This week saw ‘Avengers Assemble’ take the number one spot in the UK box office charts for a second week in a row. The film has taken over $1,008,295,900 worldwide since its release. ‘Avengers Assemble’ has had the most sucessful release than any other film to date, beating ‘The Dark Night’ which previously held this tittle. The fact that both these films have held such lucrative receptions worldwide suggests that the general public are still enchanted by the classic formula of the Hollywood blockbuster comic book movie.
This is something that is more straight forward than most other mainstream cinema narratives that each comic book film rarely drifts away from: There is a main plot of a dysfunctional human being without purpose gaining a positive super human power through something out of their control. An unattainable love interest becomes more interested in them as their power develops and they change into the hero. A sub plot develops of a over ambitious person (usually a scientist) who nominates himself/herself for the first of human testing for the greater good of science. An experiment takes place with this person and it goes wrong and they develop negative anti social superhuman power, therefore are hero and villain are born. The hero and villain are forced to fight at least twice before the final showdown at the end where there are huge explosions and carefully choreographed action sequences. There is a resolution from good vs evil where good wins and evil experiences a terrible fate, usually a painful death or incarceration. The love interest becomes the lover. The world is restored to its natural balance and the credits roll.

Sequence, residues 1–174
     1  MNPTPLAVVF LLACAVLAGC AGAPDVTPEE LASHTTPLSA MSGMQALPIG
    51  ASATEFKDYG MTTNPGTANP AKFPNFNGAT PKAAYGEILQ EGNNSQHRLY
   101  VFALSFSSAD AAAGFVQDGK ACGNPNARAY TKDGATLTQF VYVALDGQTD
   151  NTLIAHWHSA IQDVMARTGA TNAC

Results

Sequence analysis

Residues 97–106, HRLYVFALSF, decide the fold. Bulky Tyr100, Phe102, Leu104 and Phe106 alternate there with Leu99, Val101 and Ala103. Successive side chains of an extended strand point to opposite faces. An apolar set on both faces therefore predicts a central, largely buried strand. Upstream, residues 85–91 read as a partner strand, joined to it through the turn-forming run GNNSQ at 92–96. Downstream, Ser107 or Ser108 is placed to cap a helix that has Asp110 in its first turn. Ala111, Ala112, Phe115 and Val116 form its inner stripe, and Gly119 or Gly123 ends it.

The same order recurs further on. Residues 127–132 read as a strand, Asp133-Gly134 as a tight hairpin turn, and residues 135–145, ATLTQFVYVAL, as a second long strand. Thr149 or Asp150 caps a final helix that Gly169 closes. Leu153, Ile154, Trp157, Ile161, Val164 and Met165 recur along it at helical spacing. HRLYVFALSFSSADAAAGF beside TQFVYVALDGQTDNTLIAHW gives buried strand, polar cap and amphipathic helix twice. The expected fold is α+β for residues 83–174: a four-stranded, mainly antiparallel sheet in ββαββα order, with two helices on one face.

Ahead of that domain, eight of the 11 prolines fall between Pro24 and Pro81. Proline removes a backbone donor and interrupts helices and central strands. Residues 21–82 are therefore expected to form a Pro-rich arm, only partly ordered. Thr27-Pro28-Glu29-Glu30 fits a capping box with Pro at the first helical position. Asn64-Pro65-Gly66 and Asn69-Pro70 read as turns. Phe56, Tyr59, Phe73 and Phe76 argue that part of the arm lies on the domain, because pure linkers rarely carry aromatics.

This formula was something that developed slowly throughout the late 1980’s and 1990’s but I had not noticed just how rigid the formula had become until watching ‘X-Men’ in 2000. It was here I realised that although this worked well in the films up until this point such a simple formula will soon become boring to mainstream audiences and a new emergence of films from another medium would begin. Twelve years later with ‘Avengers Assemble’ and ‘The Dark Night’ generating the most revenue to date over any other films, as well as a constant flow of comic book films since 2000 I realise how wrong I was to think that.
‘Avengers Assemble’ has had not just a proffitable reception but also a critical one with the film having an average of 8.7 out of 10 on imdb from 170,000 reviewers. One the main reasons the film has had such a great reception seems to be that fans of several past comic book films including ‘Thor’, ‘Iron Man’, ‘Hulk’ to name a few, are given the change to see a an ultimate collaboration of their favourite superheroes in one film. However I wonder how the next few years will go for comic book film releases. As this breaks the formula of the comic book movie formula as there is not just one central protagonist but multiple. Now that cinema audiences have now received this standard of superhero’s film I am skeptical that they will be satisfied returning to the traditional formula of one central protagonist in each film, as this now seems quite limiting. It would prove difficult to to top this latest instalment in the Marvel movie machine and even if they were trying to do this where would they go? What would be next in our cinemas Batman vs Superman?
‘Avengers Assemble is out in cinema’s nation wide now.
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Shirish Agarwal is the founder of Flow20 and looks after the PPC and SEO side of things. Shirish also regularly contributes to leading digital marketing publications such as Hubspot, SEMRush, Wordstream and Outbrain. Connect with him on LinkedIn.